SAMUDRA Report

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Issue No:79
  • :0973–1121
  • :August
  • :2018

COMMENT

From Rhetoric to Reality

As the implementation of the SSF Guidelines gets under way, it is imperative to lobby for policies and processes that will empower small-scale fishing communities

The Thirty-third Session of the Committee on Fisheries (COFI) of the Food and Agriculture Organization of the United Nations (FAO), held in Rome in July 2018, proved to be a watershed for small-scale fisheries. This COFI discussed, among other things, several exciting initiatives for the implementation of the Voluntary Guidelines for Securing Sustainable Small-Scale Fisheries in the Context of Food Security and Poverty Eradication (SSF Guidelines) (see article, page 39).

These initiatives, focusing on men and women from small-scale artisanal fishing communities and indigenous peoples, were reported by delegates from both developed and developing countries, including Small-Island Developing States (SIDS). It was gratifying to note that some countries that had not been so enthusiastic during the negotiation stage, are now actively promoting the SSF Guidelines at various levels.

While some of these initiatives focused on integrating the SSF Guidelines into national donor policy, national plans of action on small-scale fisheries, and national legislation on small-scale fisheries, others aimed at realizing regional strategies to ensure the sustainability of fishery resources as well as improving data on small-scale fisheries at the global level. Most, if not all, of these initiatives upheld the guiding principles of the SSF Guidelines, such as participation in decision-making processes and the need to stand up for human-rights principles and standards.

Considerable support was expressed for the civil society-initiated SSF Guidelines Global Strategic Framework (SSF GSF) to facilitate interaction between COFI Members and interested State and non-State actors to promote the implementation of the SSF Guidelines at all levels. Significant enthusiasm was shown in celebrating 2022 as the “International Year of Artisanal Fisheries and Aquaculture”, as proclaimed by the United Nations General Assembly, and in developing a road map towards it. There was eagerness to meet the Sustainable Development Goal 14.b to provide access for small-scale artisanal fishers to marine resources and markets. In addition, delegates solidly backed the proposal to establish a new sub-committee on fisheries management under COFI, also with a focus on small-scale fisheries.

We hope these initiatives to strengthen small-scale fisheries will transform into policies and processes that will empower small-scale fishing communities and indigenous peoples who are dependent on small-scale fisheries for their life, livelihood and cultural wellbeing, at both the local and, particularly, the national level. The stories of displacement and loss of adjacency rights of indigenous peoples dependent on coastal, riverine and other inland water fisheries, as well as denial of their legal rights to territory, are many (see article on page 4, for example). Disruption of the land-sea interface by reclamation projects, which negatively impact the livelihood of local small-scale fishing communities through pollution and destruction of coastal biodiversity as well as the exploration and exploitation of hydrocarbons and minerals, are all real threats that hang over small-scale artisanal fishing communities.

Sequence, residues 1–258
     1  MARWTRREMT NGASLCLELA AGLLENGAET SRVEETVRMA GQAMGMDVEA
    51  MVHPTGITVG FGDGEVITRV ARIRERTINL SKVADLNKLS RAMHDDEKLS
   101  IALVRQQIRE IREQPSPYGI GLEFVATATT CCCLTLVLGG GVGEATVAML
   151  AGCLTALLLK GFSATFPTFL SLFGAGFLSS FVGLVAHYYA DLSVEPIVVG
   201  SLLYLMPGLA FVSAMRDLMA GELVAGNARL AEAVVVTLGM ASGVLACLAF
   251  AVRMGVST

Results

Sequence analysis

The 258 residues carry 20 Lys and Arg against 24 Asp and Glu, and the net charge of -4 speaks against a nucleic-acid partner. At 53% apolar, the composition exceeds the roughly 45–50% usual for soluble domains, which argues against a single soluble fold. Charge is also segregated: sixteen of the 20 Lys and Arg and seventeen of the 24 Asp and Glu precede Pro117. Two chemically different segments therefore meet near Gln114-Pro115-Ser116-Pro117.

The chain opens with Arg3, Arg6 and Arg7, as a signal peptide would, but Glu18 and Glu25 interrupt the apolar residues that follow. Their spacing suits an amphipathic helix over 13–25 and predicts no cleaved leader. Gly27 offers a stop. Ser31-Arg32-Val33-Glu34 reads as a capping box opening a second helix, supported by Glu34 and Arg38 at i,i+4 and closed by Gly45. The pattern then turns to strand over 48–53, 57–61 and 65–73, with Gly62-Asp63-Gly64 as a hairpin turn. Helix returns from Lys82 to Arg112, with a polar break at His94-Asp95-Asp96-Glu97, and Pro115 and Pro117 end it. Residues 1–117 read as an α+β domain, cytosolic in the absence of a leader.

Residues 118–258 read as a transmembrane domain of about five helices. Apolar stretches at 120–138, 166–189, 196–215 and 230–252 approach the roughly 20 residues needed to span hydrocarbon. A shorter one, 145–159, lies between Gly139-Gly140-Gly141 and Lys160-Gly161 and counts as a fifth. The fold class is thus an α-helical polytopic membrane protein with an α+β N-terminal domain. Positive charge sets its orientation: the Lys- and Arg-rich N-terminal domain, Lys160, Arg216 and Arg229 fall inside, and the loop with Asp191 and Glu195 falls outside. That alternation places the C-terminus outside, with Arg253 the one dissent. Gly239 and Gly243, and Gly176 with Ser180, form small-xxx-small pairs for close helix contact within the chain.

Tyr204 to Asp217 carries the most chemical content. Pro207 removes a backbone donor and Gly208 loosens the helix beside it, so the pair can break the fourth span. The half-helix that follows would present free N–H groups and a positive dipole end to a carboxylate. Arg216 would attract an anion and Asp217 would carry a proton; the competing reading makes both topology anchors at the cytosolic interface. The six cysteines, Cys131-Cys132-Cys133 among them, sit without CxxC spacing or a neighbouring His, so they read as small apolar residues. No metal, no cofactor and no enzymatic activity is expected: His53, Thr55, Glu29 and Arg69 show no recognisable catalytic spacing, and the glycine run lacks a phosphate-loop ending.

We at ICSF have been following COFI meetings since 1995, and are pleased to note that, for the first time, COFI has swung the spotlight onto small-scale fisheries. The SSF Guidelines have suddenly woken up the global community to the potential of small-scale fisheries in eradicating poverty, in enhancing food security and in securing sustainable fisheries.

Evidently, now is the time to move from rhetoric to reality. We hope there will be global support to assist small-scale fishing communities and indigenous peoples to address, in a coherent and consistent manner, local and national threats challenging their existence. In this connection we do need to be cautious that the economic, social, cultural and environmental conditions essential for the wellbeing of small-scale fishing communities and indigenous peoples are not forgotten. Prudence is required to ensure that small-scale fishing communities are understood to be integral to small-scale artisanal fisheries, and that the SSF Guidelines implementation process protects their interests in all time frames across the world.

Content

BRAZIL

Shoved out ......... 4

The indigenous Guaranis of Morro dos Cavalos, Brazil, are being displaced from their lands


AQUACULTURE

Towards healthy work ......... 7

On occupational safety and health policies,practices, standards, problems and challenges in aquaculture


SRI LANKA

Wellbeing aspirations ......... 12

Fisheries co-operatives in Sri Lanka need to be restructured into true co-management platforms


HUMAN RIGHTS

Don't jump ship ......... 17

The Seafood Slavery Risk Tool tracks abuses of labour and human rights in seafood supply chains


REPORT

Building back better ......... 20

A look back at a workshop on Cyclone Ockhi, which swept through parts of south India


REPORT

Connecting the dots ......... 26

After nine years, the largest conference on occupational safety and health in the fishing industry returns


REVIEW

The spirit of diversity ......... 30

A review of a book on the global implementation of the SSF Guidelines


HUMAN RIGHTS

A fishbowl approach ......... 33

Report on the Danish Institute for Human Rights’ meeting on the contribution of human rights to the sustainable development of fisheries


INDONESIA

Reclaiming rights ......... 36

On the causes for the poor nutritional intake in Indonesia's coastal communities

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